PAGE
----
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Say Good: Speaking Across Hot Topics, Complex Relationships, and Tense Situations

Ashlee Eiland
Published by NavPress in 2024

Say good. Two simple words that evoke the depth and breadth of Christian discipleship. In her new book by this title, pastor and Bible teacher Ashlee Eiland guides readers in self-examination and growth in faith, with a focus on speaking (in person and online) across hot topics and tense situations.

The book begins with a powerful claim: We have all been given voices to use as instruments of truth, tuned to the sound of the same Voice that spoke life into the void ‘in the beginning,’ giving us God’s image to bear, God’s voice and heart to carry.”1 This beautiful claim invites the reader into a discipleship journey. How will we use our words for good? What temptations and distractions lure us to use words that hurt or fracture, instead of words that bless and heal?

The opening section of the book introduces Eiland in her family life, experiencing the very challenges she explores in the book. Throughout, the book relies on the metaphor of a tightrope: life as a balancing act. After the introductory section, the book is organized in four parts—four steadying beams that help to stabilize us as we discern how to speak in challenging situations. The book’s promise to the reader is that “you’ll come to know your voice and grow in your confidence to use it, to brave the height and terrain and the thin length of space between people, problems, [and] possibilities.”2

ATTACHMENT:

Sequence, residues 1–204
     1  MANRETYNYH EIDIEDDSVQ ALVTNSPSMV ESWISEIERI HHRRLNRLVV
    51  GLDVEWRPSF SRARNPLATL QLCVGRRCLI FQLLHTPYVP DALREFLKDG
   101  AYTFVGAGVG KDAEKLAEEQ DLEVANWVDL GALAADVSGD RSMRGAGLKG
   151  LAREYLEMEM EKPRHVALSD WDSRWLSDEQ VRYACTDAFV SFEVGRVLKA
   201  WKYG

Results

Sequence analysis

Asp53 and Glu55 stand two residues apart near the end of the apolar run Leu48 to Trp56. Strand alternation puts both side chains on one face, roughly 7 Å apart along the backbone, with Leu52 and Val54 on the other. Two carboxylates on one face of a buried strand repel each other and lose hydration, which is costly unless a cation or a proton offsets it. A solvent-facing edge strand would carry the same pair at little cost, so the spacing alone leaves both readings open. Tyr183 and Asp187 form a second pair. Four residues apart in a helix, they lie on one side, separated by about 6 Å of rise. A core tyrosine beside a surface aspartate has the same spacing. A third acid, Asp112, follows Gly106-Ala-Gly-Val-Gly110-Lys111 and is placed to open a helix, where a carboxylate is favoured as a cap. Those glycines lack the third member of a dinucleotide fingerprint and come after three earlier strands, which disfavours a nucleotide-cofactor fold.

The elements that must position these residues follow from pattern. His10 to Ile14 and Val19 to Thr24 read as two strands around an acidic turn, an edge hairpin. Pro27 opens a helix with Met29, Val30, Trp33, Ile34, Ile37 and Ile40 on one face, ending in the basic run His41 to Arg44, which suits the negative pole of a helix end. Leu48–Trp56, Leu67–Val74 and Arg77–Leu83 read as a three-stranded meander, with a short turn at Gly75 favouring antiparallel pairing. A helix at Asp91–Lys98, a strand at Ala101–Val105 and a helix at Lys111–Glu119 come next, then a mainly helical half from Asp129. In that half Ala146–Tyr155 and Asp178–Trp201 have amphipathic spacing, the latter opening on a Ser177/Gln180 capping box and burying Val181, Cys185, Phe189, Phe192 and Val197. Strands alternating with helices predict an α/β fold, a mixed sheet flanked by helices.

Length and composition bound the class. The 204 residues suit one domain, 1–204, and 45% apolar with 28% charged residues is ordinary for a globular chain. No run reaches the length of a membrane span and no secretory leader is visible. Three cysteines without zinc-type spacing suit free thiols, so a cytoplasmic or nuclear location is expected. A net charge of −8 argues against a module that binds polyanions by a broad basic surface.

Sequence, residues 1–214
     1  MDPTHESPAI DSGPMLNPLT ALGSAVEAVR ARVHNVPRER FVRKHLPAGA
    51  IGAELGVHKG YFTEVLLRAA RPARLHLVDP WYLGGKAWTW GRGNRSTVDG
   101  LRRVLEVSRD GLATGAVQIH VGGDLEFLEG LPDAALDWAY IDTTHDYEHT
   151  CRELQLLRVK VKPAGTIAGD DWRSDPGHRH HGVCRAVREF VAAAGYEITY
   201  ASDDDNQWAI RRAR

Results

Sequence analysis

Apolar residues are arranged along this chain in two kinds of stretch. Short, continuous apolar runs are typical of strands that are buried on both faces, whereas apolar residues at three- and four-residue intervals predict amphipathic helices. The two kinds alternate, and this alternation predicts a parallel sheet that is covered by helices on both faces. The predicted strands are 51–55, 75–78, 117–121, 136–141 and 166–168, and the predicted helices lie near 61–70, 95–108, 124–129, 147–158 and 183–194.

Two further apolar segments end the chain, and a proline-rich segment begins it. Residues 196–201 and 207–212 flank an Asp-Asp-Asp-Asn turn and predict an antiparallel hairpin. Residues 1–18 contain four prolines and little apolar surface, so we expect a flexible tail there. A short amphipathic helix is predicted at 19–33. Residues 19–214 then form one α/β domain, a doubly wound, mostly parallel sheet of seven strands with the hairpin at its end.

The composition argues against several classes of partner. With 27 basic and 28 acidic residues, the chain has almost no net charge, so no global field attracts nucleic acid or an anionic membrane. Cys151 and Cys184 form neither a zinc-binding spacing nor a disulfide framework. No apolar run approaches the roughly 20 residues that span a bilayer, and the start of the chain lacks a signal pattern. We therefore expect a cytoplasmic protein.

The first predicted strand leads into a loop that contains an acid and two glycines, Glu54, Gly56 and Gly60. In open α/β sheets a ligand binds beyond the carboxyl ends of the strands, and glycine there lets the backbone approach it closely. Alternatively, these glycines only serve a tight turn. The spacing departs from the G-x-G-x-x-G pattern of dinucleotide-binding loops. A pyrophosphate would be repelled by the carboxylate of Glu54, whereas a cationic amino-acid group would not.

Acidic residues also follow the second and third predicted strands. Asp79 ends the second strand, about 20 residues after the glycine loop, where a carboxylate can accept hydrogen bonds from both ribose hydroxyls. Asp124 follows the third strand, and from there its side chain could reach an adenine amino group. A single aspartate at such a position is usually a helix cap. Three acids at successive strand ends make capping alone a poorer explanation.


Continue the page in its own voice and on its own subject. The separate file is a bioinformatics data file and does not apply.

The four pillars Eiland presents are passion, accountability, influence, and relationship. Each section is introduced with a clear overview, and stories from Eiland’s life illustrate the pastoral advice and guidance she offers. Each chapter concludes with discussion questions that “test the pillar” by connecting it with the reader’s own life. These discussion questions are remarkably engaging. I can picture students using the questions to discuss the four pillars, week by week in a campus discipleship group, or using the questions to supplement a Bible study.. For example, “How might the Lord be inviting you to grow in Christ’s likeness by identifying with our Savior who wept?” or “How might you keep your heart tender in this work? What’s the greatest threat to staying emotionally present along this journey?”3 Eiland’s authorial presence is pastoral, like a teaching pastor who is guiding a congregation or a small group through a discipleship process. On the one hand, the path is very familiar—self-examination, confession, repentance, and deepening life in Christian fellowship and service to others. On the other hand, she illuminates parts of the path that are new and that cause trouble in our relationships: speaking on social media, technological distractions, social polarization, and race-related violence. The reader will notice her walking the very tightrope she describes, in an authorial voice that balances challenge and support, biblical grounding with contemporary application, and social concern with personal piety.